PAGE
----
But 'some' of it is getting ruined thanks to cheap buyers. I'll always buy a game on release to help the dev, its not like hes making tons of money per sale.

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Re: The Great Video Game Crash

Post by Antiriad2097 » Wed Sep 24, 2014 10:37 am

Is this the industry failing to learn from its own history then, with a mass of poor quality products flooding the market? It certainly seems that way when you look at the volume of shovelware on every system, which just seems to be even worse on the systems with low price points (and usually lower production budgets) like iOS and Android.

Is there anything the quality developers can do to stem that tide without resorting to massive advertising costs?

I know I'd rather play one quality game at whatever price point than half a dozen ropey ones, but so few publishers/marketplaces seem to have much in the way of quality control.

I don't think it's entirely fair to blame it on punters actively waiting for sales either. There's only so much free time and money to spend on games, so inevitably the constant sales means most of us have a backlog of games as it is, since we're impulse buying things we may not even have noticed before since they're waved under our noses in discreet little bundles at silly prices.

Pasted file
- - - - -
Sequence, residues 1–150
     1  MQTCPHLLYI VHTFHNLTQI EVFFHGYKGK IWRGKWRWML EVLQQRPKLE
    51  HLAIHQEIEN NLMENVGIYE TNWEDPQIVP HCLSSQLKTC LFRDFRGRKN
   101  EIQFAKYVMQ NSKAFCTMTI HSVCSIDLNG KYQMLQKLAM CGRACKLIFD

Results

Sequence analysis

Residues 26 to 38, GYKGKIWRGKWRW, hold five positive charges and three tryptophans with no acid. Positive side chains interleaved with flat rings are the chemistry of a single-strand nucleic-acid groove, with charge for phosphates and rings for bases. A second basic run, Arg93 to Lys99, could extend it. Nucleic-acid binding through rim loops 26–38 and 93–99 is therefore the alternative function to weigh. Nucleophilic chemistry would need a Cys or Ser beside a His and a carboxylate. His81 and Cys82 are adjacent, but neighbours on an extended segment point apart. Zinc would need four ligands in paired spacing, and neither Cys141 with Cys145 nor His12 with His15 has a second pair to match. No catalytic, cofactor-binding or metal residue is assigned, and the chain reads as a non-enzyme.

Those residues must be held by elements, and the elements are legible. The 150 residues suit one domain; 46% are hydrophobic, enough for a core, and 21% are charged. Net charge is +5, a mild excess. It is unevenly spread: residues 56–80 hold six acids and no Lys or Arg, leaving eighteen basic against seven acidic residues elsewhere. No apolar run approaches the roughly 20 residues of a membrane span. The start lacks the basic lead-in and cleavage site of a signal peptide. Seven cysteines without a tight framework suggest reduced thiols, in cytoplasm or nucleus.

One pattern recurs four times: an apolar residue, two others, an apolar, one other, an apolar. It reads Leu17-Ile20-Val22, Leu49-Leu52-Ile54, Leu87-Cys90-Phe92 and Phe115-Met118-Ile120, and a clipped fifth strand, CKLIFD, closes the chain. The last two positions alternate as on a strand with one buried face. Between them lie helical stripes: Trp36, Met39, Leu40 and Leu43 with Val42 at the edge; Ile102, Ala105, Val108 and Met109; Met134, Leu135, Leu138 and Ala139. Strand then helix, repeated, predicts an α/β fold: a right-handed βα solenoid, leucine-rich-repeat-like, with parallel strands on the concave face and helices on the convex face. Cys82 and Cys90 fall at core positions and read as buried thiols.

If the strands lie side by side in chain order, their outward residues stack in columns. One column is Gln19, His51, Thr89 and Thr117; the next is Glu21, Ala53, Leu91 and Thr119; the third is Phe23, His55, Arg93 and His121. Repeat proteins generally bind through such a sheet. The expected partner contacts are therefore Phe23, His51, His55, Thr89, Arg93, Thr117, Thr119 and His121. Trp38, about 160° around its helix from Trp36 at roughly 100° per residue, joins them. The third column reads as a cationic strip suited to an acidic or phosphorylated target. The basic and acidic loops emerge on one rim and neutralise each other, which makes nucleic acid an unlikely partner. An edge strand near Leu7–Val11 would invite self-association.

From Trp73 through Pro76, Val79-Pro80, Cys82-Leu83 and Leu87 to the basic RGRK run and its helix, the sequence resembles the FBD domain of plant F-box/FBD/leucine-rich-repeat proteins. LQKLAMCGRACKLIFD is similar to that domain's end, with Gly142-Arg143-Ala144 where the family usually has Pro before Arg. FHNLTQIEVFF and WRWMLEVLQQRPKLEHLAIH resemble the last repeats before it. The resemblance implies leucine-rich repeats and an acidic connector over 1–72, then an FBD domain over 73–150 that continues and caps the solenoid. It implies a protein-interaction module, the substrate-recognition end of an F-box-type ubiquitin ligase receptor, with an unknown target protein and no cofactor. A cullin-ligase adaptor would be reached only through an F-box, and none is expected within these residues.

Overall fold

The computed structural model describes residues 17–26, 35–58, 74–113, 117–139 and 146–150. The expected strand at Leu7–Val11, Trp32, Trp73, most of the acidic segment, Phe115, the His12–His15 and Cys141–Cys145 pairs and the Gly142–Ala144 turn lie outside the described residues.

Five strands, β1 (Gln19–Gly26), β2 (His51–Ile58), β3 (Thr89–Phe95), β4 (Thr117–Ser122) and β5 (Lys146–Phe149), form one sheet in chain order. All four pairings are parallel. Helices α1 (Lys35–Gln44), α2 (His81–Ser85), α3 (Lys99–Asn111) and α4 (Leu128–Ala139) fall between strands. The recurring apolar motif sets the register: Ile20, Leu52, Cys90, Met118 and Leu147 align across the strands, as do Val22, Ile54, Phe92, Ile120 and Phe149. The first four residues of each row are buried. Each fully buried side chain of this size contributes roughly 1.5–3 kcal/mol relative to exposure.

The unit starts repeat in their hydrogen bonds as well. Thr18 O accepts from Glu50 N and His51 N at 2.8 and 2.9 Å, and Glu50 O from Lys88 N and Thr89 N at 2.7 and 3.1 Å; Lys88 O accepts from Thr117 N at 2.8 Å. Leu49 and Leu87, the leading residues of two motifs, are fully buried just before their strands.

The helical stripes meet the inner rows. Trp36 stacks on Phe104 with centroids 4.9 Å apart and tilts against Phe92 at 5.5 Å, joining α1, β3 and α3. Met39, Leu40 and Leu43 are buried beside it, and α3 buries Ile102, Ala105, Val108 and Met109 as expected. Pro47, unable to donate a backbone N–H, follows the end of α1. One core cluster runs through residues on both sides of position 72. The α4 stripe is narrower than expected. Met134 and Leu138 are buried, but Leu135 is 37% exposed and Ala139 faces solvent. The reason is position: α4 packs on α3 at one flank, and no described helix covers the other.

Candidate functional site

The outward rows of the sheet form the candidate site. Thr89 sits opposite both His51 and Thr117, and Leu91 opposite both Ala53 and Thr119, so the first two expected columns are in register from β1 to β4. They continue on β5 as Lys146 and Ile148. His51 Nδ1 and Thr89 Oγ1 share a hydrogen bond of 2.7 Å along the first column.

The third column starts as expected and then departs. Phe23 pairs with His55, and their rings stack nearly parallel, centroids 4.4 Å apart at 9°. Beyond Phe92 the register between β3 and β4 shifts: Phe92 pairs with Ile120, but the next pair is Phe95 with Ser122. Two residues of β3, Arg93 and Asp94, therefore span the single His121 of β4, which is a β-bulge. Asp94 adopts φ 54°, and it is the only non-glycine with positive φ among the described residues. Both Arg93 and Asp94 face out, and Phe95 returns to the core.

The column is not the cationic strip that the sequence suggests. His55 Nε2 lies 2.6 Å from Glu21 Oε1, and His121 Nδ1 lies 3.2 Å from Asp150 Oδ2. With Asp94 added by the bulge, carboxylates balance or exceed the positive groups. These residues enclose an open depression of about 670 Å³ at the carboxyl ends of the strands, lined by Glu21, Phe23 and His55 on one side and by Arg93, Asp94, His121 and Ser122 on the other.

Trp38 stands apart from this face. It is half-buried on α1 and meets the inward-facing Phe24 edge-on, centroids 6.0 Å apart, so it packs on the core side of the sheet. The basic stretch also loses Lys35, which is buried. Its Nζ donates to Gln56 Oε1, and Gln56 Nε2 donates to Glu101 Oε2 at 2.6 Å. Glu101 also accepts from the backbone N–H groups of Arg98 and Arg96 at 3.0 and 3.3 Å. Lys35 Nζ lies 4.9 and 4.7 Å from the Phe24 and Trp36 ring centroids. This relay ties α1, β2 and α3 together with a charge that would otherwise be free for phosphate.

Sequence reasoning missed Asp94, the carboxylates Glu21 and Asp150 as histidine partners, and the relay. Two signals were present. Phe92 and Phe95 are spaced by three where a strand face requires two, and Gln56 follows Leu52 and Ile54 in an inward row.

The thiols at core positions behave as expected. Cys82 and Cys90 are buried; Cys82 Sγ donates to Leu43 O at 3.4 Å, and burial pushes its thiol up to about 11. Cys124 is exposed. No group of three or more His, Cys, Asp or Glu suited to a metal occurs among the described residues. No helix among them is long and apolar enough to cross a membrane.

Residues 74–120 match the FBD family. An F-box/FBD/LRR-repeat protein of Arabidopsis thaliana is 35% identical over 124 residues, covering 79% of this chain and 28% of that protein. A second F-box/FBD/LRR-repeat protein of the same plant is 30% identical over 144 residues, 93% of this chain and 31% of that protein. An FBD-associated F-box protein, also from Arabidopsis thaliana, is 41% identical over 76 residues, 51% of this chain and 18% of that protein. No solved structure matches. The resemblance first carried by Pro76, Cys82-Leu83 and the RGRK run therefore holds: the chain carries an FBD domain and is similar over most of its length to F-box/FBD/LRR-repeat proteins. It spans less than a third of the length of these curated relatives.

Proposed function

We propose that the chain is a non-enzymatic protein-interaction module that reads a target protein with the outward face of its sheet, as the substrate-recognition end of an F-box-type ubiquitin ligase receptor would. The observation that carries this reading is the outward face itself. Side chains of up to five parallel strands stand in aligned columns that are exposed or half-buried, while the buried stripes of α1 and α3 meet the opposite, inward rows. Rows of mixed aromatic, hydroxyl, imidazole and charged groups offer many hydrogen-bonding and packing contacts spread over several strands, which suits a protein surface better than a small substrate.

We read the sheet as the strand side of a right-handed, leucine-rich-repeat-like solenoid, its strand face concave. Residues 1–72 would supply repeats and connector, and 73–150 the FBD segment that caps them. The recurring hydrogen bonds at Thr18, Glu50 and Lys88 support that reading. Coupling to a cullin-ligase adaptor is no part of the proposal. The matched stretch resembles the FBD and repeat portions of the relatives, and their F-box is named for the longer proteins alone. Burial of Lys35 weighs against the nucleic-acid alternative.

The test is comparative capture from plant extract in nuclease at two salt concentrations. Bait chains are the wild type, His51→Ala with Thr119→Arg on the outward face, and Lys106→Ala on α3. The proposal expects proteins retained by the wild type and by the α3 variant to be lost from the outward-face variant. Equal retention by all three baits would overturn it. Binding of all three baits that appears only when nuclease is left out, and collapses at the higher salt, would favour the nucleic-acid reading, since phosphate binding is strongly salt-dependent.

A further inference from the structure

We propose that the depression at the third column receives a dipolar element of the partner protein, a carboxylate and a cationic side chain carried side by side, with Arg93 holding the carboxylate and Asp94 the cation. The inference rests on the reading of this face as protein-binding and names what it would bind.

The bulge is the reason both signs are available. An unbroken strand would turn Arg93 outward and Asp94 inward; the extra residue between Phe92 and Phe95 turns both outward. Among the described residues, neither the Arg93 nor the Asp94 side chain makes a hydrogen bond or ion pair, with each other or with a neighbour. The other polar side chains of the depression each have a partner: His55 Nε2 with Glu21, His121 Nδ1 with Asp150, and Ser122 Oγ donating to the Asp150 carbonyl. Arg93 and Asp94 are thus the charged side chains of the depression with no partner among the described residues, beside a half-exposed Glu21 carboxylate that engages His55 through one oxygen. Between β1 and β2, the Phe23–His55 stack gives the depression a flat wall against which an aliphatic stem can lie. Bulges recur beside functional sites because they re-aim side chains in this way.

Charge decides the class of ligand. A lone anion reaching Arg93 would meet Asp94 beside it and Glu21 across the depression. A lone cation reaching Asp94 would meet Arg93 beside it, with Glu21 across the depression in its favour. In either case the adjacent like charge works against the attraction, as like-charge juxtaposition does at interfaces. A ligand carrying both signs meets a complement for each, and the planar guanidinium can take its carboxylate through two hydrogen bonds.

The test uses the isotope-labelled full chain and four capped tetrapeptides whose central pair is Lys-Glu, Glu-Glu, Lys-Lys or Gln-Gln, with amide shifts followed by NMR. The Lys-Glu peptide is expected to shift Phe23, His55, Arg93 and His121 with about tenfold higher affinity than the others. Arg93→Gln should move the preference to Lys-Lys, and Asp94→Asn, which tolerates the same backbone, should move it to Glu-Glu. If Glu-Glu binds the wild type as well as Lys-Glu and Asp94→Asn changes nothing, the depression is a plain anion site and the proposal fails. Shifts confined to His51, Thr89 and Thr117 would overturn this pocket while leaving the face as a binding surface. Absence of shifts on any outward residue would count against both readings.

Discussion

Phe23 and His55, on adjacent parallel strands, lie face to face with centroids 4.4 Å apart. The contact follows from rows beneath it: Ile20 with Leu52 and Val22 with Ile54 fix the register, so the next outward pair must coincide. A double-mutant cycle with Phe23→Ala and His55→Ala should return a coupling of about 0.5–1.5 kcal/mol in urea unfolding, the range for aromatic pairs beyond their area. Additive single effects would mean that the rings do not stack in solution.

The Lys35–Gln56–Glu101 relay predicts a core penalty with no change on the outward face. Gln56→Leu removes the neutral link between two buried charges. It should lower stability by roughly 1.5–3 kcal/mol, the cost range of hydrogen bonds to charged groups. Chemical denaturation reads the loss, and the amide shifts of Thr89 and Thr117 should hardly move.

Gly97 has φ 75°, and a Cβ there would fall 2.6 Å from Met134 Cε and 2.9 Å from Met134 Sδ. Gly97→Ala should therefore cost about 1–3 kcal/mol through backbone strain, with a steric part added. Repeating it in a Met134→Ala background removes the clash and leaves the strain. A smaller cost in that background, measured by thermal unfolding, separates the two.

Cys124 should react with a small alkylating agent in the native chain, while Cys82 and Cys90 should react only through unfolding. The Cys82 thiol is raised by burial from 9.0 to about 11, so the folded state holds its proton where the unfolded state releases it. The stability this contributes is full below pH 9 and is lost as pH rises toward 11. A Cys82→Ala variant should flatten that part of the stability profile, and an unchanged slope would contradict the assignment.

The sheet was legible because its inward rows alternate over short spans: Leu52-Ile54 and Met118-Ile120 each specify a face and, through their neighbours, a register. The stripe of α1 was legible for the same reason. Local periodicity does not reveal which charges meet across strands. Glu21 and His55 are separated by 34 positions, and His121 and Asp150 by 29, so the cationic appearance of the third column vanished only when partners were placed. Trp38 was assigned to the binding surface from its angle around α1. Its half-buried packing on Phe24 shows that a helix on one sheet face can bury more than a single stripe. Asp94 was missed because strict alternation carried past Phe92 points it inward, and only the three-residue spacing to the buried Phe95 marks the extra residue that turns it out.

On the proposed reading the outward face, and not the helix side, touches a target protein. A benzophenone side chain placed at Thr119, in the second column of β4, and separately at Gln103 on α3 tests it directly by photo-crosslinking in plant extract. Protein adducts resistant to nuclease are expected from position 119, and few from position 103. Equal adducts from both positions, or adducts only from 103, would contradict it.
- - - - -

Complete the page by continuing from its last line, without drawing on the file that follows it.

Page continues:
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Re: The Great Video Game Crash

Post by GameOver » Wed Sep 24, 2014 11:14 am

Antiriad2097 wrote:Is there anything the quality developers can do to stem that tide without resorting to massive advertising costs?
Neither developers nor publishers can prevent the damage already done. There are too many games released on mobile these days with everyone on the same level playfield (every interview in RetroGamer ends with them saying they're working on one). The reality is success has little to do with quality and more to do with the lottery of being reported on a website or trending via Twitter. And you can't fight back on price when everything is free.

It was things like the Nintendo seal of approval that helped last time but is Apple/Google going to bring that in? Very unlikely now. But it needs just that. And it needs doing before the skills are gone. Who's left that knows all the technical tricks that used to be put in games? Background loading on the splash/front-end screens, trigger systems, splitting CPU use across frames, batches etc... People don't even know the basics of tile collision anymore. Or even debouncing buttons using logic instructions.

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Re: The Great Video Game Crash

Post by nakamura » Wed Sep 24, 2014 12:29 pm

Negative Creep wrote: The NES was popular but didn't dominate the market in the same way it did in the US so was it really that much of a saviour?